Japan and South Korea have long-established themselves as fervent allies of the United States, but recent altercations between the two Pacific nations have shown that the friend of a friend can still be your enemy.
On Wednesday, South Korean officials accused a Japanese military patrol aircraft of executing a “threatening” low-altitude pass over one of their destroyers as it sailed through international waters. This incident and the ensuing diplomatic fallout is just the latest spat between the two nations following a December incident in which Japanese officials claimed a South Korean vessel locked onto a Japanese aircraft with its fire control radar. The Japanese plane was reportedly involved in rescue operations for a North Korean fishing boat at the time of the incident, but Seoul claimed the aircraft flew dangerously close to its ship. South Korean officials have also claimed that the use of radar was not meant as a provocation, but that it had been activated to assist in searching for the fishing boat.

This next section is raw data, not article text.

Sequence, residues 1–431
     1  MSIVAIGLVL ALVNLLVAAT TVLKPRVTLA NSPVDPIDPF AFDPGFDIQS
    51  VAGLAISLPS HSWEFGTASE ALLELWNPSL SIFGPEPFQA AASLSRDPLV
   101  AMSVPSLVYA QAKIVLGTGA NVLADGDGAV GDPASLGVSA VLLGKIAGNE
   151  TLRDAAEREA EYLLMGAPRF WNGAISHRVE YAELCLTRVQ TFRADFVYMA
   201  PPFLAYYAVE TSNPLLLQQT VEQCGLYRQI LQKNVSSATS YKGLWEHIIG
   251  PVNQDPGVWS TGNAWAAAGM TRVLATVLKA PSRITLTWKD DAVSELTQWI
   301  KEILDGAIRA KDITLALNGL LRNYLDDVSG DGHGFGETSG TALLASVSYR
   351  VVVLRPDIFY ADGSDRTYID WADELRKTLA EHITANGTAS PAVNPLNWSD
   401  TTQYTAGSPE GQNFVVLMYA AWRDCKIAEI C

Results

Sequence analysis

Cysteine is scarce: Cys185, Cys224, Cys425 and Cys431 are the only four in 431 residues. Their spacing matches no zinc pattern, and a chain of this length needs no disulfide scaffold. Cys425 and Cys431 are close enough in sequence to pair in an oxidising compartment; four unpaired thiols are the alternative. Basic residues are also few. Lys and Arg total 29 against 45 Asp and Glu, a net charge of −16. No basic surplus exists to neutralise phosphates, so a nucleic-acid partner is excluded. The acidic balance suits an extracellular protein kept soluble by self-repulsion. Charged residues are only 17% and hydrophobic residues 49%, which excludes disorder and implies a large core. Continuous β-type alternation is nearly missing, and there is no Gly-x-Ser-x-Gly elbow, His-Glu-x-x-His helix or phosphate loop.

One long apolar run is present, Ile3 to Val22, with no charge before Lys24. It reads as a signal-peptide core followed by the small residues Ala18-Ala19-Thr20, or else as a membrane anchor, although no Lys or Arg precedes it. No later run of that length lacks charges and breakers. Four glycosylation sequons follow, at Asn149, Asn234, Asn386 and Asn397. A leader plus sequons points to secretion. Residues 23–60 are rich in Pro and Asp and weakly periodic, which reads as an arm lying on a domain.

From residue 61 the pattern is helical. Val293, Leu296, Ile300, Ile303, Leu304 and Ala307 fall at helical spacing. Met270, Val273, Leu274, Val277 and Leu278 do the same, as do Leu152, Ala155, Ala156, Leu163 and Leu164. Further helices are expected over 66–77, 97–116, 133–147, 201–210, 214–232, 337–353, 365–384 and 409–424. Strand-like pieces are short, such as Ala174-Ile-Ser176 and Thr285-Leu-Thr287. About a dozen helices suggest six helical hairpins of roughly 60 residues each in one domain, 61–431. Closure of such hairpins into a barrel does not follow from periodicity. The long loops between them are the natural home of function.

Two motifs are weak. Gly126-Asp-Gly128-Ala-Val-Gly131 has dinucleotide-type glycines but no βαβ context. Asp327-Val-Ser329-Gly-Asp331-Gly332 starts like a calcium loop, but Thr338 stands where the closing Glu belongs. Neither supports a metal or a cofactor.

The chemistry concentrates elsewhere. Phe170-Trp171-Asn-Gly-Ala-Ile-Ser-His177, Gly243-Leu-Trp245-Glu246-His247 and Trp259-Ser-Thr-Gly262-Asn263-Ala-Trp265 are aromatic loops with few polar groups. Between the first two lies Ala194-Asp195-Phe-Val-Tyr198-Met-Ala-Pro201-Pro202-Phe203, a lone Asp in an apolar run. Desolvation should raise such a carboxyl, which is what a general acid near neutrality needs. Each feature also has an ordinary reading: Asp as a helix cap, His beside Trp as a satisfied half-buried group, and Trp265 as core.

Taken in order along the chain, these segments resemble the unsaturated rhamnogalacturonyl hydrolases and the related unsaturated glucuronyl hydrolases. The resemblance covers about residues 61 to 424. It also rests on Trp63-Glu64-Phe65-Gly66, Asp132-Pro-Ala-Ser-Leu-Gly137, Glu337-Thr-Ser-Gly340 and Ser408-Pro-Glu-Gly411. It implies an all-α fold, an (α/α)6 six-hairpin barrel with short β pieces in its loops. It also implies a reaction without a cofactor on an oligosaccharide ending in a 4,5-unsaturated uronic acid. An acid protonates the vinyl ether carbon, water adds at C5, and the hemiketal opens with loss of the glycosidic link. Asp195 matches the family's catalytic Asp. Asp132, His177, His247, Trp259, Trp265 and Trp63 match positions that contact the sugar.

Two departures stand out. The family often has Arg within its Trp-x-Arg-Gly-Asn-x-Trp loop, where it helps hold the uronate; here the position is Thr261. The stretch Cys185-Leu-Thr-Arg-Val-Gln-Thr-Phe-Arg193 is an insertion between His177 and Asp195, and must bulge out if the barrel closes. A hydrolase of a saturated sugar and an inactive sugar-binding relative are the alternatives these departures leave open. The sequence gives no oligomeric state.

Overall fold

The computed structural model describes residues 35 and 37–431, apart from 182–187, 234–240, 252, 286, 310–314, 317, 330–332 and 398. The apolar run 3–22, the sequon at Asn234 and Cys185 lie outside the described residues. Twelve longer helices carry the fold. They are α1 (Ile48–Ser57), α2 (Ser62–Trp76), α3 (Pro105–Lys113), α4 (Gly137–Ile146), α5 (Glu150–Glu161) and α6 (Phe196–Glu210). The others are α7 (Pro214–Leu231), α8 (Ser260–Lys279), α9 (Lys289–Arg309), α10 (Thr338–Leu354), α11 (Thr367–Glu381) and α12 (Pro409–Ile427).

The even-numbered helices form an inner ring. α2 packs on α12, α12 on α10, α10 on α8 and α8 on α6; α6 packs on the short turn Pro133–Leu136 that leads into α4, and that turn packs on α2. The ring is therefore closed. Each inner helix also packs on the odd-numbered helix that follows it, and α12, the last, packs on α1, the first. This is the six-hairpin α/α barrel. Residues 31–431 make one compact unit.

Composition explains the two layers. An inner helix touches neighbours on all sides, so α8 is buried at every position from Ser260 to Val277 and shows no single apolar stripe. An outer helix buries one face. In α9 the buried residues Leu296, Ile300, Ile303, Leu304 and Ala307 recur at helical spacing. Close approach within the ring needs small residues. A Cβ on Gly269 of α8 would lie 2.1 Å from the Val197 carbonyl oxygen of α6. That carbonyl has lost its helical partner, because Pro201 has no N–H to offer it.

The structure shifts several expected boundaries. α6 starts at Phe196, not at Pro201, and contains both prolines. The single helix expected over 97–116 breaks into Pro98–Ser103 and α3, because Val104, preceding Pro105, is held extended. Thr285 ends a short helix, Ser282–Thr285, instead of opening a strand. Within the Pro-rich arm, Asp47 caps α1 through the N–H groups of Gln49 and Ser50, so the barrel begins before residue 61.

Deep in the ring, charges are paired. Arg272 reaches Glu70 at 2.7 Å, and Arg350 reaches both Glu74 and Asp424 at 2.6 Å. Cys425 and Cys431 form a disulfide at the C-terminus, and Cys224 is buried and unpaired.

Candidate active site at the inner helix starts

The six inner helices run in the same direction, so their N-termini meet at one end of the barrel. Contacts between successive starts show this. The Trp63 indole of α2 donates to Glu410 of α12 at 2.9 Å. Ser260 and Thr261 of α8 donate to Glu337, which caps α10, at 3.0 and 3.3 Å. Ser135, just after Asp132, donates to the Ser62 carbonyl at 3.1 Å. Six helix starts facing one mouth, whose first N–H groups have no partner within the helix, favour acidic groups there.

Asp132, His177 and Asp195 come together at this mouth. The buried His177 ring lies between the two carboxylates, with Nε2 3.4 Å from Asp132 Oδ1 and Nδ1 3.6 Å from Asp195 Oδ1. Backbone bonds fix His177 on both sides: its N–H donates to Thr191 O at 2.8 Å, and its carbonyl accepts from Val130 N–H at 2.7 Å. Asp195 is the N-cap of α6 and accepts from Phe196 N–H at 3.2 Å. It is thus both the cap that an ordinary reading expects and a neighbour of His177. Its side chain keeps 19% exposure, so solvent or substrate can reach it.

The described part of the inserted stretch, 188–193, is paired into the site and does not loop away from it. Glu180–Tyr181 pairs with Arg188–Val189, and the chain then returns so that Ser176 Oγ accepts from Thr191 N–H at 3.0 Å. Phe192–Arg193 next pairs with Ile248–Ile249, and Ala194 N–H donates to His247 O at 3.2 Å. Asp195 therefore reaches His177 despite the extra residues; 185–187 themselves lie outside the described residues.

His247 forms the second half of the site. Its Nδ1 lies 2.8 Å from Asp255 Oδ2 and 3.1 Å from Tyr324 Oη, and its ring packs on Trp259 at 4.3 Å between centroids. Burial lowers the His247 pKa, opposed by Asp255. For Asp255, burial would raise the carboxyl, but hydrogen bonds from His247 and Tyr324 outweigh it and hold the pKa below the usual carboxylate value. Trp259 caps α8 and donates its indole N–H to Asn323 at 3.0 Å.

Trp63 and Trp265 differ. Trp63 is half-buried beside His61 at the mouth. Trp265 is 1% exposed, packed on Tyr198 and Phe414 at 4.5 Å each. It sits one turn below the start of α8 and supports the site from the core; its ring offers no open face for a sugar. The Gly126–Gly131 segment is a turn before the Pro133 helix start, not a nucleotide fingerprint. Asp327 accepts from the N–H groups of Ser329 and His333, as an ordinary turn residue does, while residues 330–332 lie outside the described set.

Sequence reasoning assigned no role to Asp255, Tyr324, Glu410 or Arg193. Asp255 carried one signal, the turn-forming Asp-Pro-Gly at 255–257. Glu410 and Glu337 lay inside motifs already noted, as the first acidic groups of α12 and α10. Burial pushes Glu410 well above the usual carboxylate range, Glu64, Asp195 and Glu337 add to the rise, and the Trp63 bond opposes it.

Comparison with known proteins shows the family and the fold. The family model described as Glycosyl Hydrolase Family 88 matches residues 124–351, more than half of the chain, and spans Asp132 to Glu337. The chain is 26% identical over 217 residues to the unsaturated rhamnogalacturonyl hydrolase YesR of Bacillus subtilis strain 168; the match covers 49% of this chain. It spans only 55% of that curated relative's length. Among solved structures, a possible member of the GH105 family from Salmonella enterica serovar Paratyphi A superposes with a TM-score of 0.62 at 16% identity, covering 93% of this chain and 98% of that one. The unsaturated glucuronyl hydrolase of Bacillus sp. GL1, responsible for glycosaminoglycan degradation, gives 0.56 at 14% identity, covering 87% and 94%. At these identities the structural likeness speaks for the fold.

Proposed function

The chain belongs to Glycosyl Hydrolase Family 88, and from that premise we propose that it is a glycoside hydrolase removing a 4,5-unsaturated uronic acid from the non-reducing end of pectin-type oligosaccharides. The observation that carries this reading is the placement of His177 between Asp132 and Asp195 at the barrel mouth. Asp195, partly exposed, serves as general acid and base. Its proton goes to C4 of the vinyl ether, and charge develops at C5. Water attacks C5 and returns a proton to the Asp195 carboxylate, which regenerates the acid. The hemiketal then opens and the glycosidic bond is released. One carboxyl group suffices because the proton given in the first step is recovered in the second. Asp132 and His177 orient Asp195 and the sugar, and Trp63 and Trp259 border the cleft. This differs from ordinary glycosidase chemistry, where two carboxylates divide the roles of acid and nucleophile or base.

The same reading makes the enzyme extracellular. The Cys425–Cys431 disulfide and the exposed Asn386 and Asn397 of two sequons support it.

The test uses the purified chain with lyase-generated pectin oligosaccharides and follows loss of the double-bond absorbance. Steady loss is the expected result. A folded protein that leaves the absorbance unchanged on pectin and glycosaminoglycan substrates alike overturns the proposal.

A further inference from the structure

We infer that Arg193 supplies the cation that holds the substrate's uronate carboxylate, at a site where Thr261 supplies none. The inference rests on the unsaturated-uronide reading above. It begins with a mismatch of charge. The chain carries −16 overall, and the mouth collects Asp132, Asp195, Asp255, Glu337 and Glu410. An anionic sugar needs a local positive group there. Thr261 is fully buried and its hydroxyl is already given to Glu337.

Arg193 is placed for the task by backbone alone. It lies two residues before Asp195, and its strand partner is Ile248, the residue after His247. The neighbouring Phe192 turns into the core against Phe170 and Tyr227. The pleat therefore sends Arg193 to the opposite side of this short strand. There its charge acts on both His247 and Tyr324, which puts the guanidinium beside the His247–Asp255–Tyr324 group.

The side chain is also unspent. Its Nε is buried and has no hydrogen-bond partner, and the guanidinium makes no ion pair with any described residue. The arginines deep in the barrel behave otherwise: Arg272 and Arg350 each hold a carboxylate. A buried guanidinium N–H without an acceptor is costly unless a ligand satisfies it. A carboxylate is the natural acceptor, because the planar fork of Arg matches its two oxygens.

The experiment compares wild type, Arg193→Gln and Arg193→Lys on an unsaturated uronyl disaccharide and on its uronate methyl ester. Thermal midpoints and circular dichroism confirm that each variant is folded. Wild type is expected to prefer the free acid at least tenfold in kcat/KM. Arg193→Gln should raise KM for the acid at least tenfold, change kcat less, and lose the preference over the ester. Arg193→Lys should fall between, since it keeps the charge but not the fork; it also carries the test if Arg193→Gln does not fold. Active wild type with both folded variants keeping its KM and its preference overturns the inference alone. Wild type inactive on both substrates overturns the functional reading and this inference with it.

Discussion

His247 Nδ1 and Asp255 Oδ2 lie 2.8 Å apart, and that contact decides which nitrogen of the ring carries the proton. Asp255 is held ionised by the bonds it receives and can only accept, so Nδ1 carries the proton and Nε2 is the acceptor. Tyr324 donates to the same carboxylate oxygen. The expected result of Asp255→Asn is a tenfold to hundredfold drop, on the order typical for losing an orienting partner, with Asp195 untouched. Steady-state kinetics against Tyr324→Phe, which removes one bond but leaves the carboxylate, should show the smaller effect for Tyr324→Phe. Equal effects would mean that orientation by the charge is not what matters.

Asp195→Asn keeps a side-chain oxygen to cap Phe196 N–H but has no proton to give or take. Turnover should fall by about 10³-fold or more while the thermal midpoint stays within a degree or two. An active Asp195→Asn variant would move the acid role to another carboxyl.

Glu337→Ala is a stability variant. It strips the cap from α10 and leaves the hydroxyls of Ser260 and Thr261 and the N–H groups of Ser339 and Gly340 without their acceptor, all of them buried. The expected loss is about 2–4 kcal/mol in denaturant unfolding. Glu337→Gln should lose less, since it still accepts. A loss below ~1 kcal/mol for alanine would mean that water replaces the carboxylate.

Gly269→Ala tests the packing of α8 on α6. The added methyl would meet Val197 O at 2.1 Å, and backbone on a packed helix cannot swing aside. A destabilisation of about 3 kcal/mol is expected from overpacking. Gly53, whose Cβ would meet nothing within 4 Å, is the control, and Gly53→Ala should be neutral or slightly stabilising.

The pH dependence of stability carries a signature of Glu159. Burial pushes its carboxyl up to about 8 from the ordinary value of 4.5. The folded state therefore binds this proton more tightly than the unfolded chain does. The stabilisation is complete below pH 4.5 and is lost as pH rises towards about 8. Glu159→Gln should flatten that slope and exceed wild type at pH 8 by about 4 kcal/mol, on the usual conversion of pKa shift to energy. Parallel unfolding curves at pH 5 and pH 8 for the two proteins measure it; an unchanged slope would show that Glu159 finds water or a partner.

Both nations, as a result, have demanded apologies from one another.
According to General Suh Wook, the chief director of operations for South Korea’s Joint Chiefs of Staff, Wednesday’s low flyover was the third time a Japanese patrol aircraft buzzed a South Korean Navy vessel. He went on to warn that his nation’s military will respond if provoked.